Trends & Research

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Published on Monday, October 3, 2022

Phishing: An Overview—and Why We Fall For It

It comes as no surprise that financial institutions are one of the top targets of hackers, and one of the most common methods those hackers use is phishing: using emails that initially appear legitimate but are actually malicious.

 

According to Deloitte, 91% of all cyber-attacks begin with a phishing email to an unexpected victim. The failure of one person in a bank or an office to recognize a phishing attempt could put millions of people at risk.

 

At NEACH’s Payments Management Conference (PMC) 2022, Alyssa Pugh, CISM, Security+ GRC Content Manager at Tandem, LLC,  presented on phishing: what it is, the range of phishing emails, what attracts us to them on a psychological level, and how to defend yourself and your FI against it. Tandem is a cybersecurity and compliance software designed specifically to help organizations improve their information security, stay in compliance, and lower overhead costs.

 

The many types of phishing

We’ve all likely heard of phishing, but how exactly is it defined? Pugh began her explanation by saying that to understand phishing, we first need to understand social engineering. The definition of that, from the Federal Financial Institutions Examination Council’s (FFIEC) Information Security Booklet, is “a general term for trying to trick people into revealing confidential information or performing certain actions.”

 

She went on to say that phishing typically shows up via email. (The 2020 Verizon Data Breach Report confirms this, citing that 96% of social attacks arrive via email, and 86% are financially motivated.) Pugh supplied the technical definition of phishing: a digital form of social engineering that uses authentic-looking but bogus email to request information from users or direct them to fake websites that request information.

 

“Phishing always starts with an attacker—someone who wants something from you. For an organization involved in payments, that thing is money. They do that either through your email address from an information dump online through the Dark Web, or a targeted phishing attack. That’s called spearphishing. They find out some information to make the email more clickable using the information they have about you,” she said.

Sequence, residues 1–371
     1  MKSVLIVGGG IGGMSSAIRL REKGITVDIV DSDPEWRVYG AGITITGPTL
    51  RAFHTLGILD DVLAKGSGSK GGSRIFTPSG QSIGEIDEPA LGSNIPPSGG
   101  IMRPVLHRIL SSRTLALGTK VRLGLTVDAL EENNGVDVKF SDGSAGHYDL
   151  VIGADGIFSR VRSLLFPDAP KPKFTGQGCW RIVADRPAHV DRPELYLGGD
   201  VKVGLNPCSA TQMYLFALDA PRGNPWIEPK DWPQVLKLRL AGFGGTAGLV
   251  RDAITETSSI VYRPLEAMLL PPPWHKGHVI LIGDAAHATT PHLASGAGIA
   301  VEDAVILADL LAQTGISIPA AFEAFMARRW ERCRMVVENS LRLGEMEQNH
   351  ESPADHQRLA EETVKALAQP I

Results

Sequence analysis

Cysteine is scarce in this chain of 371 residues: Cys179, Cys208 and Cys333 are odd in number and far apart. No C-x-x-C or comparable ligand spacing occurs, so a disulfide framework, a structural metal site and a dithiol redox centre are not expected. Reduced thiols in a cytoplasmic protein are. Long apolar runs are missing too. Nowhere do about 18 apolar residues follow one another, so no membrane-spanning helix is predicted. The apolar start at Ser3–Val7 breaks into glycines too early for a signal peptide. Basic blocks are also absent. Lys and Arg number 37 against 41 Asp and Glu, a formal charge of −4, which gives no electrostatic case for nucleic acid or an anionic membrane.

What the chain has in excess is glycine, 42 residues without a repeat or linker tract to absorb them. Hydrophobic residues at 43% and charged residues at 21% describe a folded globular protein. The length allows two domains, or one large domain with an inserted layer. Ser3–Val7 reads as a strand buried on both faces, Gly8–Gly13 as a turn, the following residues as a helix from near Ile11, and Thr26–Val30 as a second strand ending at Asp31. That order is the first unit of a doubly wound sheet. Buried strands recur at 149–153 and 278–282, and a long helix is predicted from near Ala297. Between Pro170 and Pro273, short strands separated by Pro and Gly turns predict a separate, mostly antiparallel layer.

She continued, “That email usually has one of a few actions, such as clicking on a link or opening an attachment. The link would open a malicious website to steal your password. An attachment would install malware directly onto your computer. Or they will ask you to reply directly with information, like the last time you used the company credit card. And sometimes, they will ask you to forward the email to others. This gets them involved deeper into your organization.”

 

Examples of effective phishing emails

She presented several phishing emails with themes that had a high “failure rate,” meaning users clicked on them more than others with similar requests, such as:

 

  • Work emails: An email from a presumed company’s human resources department with a vacation policy update, asking users to click on a link to see the vacation schedule and download a form to learn how to obtain additional time off. This succeeds more than an email about something like missing forms for a tax return, Pugh said, because it’s low effort with potentially high reward for the receiver.

 

  • Covid-19: An email from supposed company senior leadership with a link to click on to learn about the company’s remote work policy during Covid-19. This fools more users than an email with tips to halt the spread of the pandemic locally, Pugh said, because it promises us something instead of asking us to do something.

 

  • Email unsubscribing: An email from a work colleague asking you to unsubscribe via clicking a link. This is more successful than an email from an organization you’re not familiar with saying you’re unsubscribed from their emails—but if you’d like to sign up again, just click the link, below. Pugh said because we all get so many emails, we might not even notice if we have or haven’t unsubscribed to them. However, an email from a supposed trusted work colleague provides that authority to make you think it’s legitimate.

 

  • A complaint about you: An official-looking email from a fake agency like the “Consumer Complaint Bureau” stating they have received a formal complaint about you, and please open the link to find out more detail. “This email is designed to make your heart sink by threatening loss of your reputation or your organization’s reputation,” Pugh said.   

 

The psychology behind phishing